While some Central Texans may be excited about our cooler temps, others may be slipping into a form of depression. As the seasons change and there’s less daylight, a number of us suffer from seasonal depression, also known as seasonal affective disorder (SAD).

It is common to have a slight change in habits with each new season. As the weather cools off, you may spend less time outside, or you may find yourself staying in bed a little longer. These behaviors usually adjust, and you’ll soon find a new routine for the fall and winter months.

For those affected by SAD, these behaviors can get serious and they don’t bounce back to their “normal selves.” It is especially common in the fall and winter, often occurring at the same time each year or in a cyclical pattern.

Once it starts to affect your ability to function, whether it’s at home, work or within your relationships, then seasonal affective disorder needs to be addressed.

Symptoms of Seasonal Affective Disorder:

If you haven’t been feeling like yourself, you may have some minor symptoms of SAD. Some common symptoms include:

  • Changes in appetite—usually overeating or craving specific foods
  • Overall lack of energy and feelings of fatigue
  • Difficulty completing tasks or trouble concentrating
  • Withdraw from friends and family and other social activities
  • Feeling more pessimistic
  • A sense of hopeless
  • A lack of pleasure in activities that once were enjoyable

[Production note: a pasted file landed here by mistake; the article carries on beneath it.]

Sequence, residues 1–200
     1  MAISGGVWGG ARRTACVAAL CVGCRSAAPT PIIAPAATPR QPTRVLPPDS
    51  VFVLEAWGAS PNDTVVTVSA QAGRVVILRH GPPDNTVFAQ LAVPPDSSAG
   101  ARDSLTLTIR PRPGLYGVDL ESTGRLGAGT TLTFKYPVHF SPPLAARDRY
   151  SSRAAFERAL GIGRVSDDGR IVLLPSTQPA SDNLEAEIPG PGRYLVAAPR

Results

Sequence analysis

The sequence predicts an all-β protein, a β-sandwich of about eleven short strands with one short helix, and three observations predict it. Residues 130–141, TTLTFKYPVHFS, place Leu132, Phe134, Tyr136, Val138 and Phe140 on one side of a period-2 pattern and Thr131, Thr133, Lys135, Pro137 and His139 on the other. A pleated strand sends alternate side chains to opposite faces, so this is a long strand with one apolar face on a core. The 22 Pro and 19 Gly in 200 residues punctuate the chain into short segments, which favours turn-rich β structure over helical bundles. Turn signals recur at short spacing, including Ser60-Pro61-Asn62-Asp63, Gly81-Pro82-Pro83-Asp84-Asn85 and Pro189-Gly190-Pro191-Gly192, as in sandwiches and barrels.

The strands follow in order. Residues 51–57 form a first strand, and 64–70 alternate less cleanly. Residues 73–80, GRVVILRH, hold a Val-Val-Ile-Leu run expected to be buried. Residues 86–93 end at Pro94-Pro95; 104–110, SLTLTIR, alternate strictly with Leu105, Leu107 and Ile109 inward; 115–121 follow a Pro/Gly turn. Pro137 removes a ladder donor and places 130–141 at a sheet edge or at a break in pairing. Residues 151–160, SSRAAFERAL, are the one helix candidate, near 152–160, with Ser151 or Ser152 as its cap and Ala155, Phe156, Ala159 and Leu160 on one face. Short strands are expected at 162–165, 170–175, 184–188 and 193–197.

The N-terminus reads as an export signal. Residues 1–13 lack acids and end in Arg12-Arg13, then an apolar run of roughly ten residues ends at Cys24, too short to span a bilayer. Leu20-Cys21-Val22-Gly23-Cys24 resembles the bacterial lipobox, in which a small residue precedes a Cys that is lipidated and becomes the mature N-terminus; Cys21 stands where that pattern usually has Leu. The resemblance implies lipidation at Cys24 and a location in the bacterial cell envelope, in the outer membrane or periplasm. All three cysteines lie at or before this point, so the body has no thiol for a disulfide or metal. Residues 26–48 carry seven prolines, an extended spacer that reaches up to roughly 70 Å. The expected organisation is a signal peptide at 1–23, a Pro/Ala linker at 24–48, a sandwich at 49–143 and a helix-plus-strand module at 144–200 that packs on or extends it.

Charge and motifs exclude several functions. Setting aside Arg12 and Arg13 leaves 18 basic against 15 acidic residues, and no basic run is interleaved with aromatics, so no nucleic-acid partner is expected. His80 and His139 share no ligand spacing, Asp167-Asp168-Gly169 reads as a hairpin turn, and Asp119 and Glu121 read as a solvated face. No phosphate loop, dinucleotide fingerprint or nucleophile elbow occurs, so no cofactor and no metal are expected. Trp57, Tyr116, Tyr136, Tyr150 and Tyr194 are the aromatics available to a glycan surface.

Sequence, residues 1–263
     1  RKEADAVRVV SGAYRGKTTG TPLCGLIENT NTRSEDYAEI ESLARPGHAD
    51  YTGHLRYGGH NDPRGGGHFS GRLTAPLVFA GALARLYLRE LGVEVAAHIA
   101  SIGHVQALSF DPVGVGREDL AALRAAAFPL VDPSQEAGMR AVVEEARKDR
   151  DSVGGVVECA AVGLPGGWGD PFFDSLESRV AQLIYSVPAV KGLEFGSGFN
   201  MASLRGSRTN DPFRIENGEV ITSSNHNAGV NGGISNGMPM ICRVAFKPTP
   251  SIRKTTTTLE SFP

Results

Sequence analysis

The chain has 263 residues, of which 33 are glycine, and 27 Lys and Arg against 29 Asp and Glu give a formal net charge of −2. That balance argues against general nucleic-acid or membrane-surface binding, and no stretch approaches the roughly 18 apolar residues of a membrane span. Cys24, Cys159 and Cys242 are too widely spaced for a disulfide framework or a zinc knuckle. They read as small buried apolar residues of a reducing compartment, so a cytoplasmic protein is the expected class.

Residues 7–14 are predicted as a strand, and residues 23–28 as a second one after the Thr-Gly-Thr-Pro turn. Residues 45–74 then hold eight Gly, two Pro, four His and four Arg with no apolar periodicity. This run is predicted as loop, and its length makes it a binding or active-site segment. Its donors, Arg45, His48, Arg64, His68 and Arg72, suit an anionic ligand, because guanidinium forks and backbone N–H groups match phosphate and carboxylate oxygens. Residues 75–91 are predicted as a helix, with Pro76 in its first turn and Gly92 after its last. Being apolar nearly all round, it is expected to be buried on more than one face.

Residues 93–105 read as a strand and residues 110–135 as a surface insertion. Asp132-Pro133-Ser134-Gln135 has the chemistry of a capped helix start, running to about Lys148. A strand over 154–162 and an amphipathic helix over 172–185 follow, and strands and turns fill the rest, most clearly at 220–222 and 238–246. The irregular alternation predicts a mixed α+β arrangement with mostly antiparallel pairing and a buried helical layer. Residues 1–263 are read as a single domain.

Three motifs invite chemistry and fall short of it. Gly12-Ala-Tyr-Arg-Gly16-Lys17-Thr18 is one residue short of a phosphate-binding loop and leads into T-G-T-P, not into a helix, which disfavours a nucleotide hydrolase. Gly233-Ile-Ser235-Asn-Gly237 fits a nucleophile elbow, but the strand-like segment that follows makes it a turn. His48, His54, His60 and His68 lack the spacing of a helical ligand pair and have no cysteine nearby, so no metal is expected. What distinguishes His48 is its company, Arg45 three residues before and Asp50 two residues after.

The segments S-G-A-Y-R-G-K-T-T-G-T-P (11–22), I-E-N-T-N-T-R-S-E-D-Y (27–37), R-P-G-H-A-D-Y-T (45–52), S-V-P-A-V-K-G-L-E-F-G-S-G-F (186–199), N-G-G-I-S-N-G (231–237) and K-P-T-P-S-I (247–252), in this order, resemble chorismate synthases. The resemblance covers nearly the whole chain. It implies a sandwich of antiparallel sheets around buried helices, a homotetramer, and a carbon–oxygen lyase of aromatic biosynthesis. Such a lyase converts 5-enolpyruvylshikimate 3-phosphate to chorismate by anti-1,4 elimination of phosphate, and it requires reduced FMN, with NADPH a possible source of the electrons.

If you begin feeling SAD:

If you’ve found yourself slipping into these symptoms of seasonal affective disorder, you may consider a few tips to see if your mood or behavior improves.

The following activities can help you feel recharged and cheer up your attitude:

  • Spend at least 15 minutes outside each day to get exposure to natural light
  • Open windows in your house
  • Listen to relaxing music
  • Spend time talking to family and friends, even if you’re not interested in doing so at first
  • Make sure you are eating a healthy, balanced diet
  • Participate in some form of exercise
  • Get a massage

Add A Little Light:

Along with these suggestions, it’s important to get some form of light each day. Many researchers have thought that the possible cause of SAD is the lack of light in the colder months.

The reason light is so important to our body is because of the specific hormones that are released when exposed to bright or natural light. Our bodies are physically altered by our environment or the weather. There are changes in the body’s production of melatonin if it’s darker outside. Melatonin is a hormone that helps regulate other hormones and maintains the body’s rhythm.

If you’re willing to bundle up and get outside for 30 minutes a day, outdoor light is the best. Even if it’s overcast, you still have access to more light overall than indoor light.

You’re Not Alone:

If you think you suffer from SAD and the suggestions listed above have not seemed to help, you may have a more severe case. You are not alone, and there is help.

Come in if you’re feeling these symptoms. It never hurts to come in. We can ask you a few questions and give you some suggestions. Some people can take an anti-depressant for a few months during the year as well.


For more information visit www.sw.org.